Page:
Johnson had not played the Plantation Course at Kapalua since Thursday. After he got started, he hardly missed a shot. Johnson had seven putts at eagle over 36 holes, four on the back nine alone in the second round. He missed only three greens in regulation, and when his marathon day ended, he had rounds of 69-66 for a three-shot lead over defending champion Steve Stricker.
Three days behind schedule because of high wind, the season started on the day the tournament was supposed to finish. Rickie Fowler made PGA Tour history by hitting the opening shot of the season three times – the first two “opening rounds” had to be scrapped by 40 mph gusts roaring down the hills.
Johnson returned some degree of normalcy under warm sunshine and strong wind. He simply overpowered Kapalua, twice driving the green on par 4s, one of them into the wind. He was at 11-under 135, and that lead looms even larger with only one round to play.
Stricker started the long day wondering if he could even finish. About a month ago, he began feeling a shooting pain down his left side when he shifted his weight in that direction, and he was limping badly coming down the hill on No. 18 in the middle of his second round. But from 67 yards away, his pitch rode the slope and the wind to perfection and dropped for eagle, and his spirits lifted.
Stricker added a pair of birdies on the front nine and had a 67 to reach 138.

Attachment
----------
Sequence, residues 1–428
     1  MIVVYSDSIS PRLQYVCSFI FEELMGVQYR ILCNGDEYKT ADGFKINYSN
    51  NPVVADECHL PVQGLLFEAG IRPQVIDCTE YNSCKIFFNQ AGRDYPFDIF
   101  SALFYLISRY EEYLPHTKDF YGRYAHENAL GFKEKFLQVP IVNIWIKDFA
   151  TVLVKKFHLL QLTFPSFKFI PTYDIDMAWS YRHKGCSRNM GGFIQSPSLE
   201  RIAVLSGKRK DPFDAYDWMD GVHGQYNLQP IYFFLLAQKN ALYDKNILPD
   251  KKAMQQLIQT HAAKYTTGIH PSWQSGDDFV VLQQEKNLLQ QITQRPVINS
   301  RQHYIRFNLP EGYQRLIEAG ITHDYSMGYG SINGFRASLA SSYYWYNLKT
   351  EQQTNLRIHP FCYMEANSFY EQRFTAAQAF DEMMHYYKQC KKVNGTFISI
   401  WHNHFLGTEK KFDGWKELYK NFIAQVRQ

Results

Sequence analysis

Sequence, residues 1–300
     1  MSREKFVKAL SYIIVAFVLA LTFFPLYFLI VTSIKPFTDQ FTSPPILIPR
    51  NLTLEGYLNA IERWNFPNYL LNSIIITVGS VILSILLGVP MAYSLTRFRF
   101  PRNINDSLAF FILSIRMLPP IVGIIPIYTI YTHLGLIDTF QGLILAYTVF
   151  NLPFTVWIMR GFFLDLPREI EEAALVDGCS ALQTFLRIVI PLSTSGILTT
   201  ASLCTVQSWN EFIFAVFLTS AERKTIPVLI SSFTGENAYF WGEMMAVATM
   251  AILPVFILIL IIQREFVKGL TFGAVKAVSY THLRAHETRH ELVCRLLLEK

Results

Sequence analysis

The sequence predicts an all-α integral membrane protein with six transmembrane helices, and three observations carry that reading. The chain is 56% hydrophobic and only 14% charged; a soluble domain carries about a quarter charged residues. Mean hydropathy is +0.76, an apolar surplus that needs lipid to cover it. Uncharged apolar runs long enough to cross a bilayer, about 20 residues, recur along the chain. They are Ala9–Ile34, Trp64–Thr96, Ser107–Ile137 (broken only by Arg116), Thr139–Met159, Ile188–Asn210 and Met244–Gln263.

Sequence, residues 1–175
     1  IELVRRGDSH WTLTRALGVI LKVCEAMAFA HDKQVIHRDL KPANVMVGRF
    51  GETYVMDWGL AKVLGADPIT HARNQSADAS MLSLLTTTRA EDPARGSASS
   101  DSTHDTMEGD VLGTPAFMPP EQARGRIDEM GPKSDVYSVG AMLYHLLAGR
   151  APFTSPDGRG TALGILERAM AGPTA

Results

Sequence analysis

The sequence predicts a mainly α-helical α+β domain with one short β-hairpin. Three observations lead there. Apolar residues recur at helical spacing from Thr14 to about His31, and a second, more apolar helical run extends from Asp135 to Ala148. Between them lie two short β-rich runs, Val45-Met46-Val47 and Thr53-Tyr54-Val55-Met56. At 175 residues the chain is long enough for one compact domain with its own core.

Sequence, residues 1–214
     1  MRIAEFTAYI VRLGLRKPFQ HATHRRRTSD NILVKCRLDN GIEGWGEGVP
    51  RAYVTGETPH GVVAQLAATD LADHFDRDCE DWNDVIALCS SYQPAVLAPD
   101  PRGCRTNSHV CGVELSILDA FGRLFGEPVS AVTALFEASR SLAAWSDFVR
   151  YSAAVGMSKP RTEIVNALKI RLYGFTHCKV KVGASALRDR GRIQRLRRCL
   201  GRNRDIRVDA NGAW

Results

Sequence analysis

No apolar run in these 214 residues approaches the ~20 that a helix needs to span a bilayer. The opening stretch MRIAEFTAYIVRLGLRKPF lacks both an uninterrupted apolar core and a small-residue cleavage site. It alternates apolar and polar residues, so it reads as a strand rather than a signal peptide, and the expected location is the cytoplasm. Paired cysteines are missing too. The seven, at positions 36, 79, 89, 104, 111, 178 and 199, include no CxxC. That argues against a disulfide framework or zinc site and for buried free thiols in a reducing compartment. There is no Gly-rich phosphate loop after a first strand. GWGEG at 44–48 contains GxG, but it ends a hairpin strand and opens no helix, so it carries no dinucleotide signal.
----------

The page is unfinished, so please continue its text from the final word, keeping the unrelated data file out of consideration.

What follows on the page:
The opening week has been so strange that at times, Monday felt like the start of the tournament, and also moving day to get into position. Even after just 36 holes, there was clear separation.
Bubba Watson, playing with Johnson and frustrated by the wind and slow greens, birdied his last hole for a 69 and was four shots out of the lead. Keegan Bradley (69) and Brandt Snedeker (70) were another shot behind. They were the only players within five shots of Johnson.
Even though Johnson had not played the golf course since the pro-am Thursday, there was no lack of familiarity. He arrived a week early, and had six practice rounds on the Plantation Course before the wind arrived. He has a new driver and irons and wanted to make sure he made the adjustment. That doesn’t seem to be a problem.
“I’m pretty pleased with my equipment. I’m pretty pleased with my game right now,” Johnson said.
It’s tough enough for Stricker to match Johnson’s length on a course like this. Tougher still is doing it when he can barely walk, especially downhill. Stricker isn’t sure what’s wrong with his lower back, or what’s causing the pain. He took a small consolation from the fact it didn’t get worse.
“It felt as crappy on the first hole as the last hole,” he said.
Stricker said at the start of the tournament that he was going into semiretirement this year, playing only about 10 events. He won’t return to the PGA Tour after this week until the end of February at the Match Play Championship. And he’s not going to roll over for Johnson, regarded as the best American player under 30.
“You’ve just got to go out and play and play your hardest and see what happens,” Stricker said.
“I’ve been in that position where he’s at now. It’s a tough spot. It’s tough to win in front. We’ve got really nothing to lose tomorrow and it makes it a little bit easier for us, but tougher on him.”
Johnson will gladly take his position. He will be trying to win in his sixth straight season since leaving college, the longest streak of any player since Tiger Woods. And he won the last two 54-hole events on the PGA Tour, at the hurricane-shortened Barclays in 2011 and rain-delayed Pebble Beach National Pro-Am in 2009.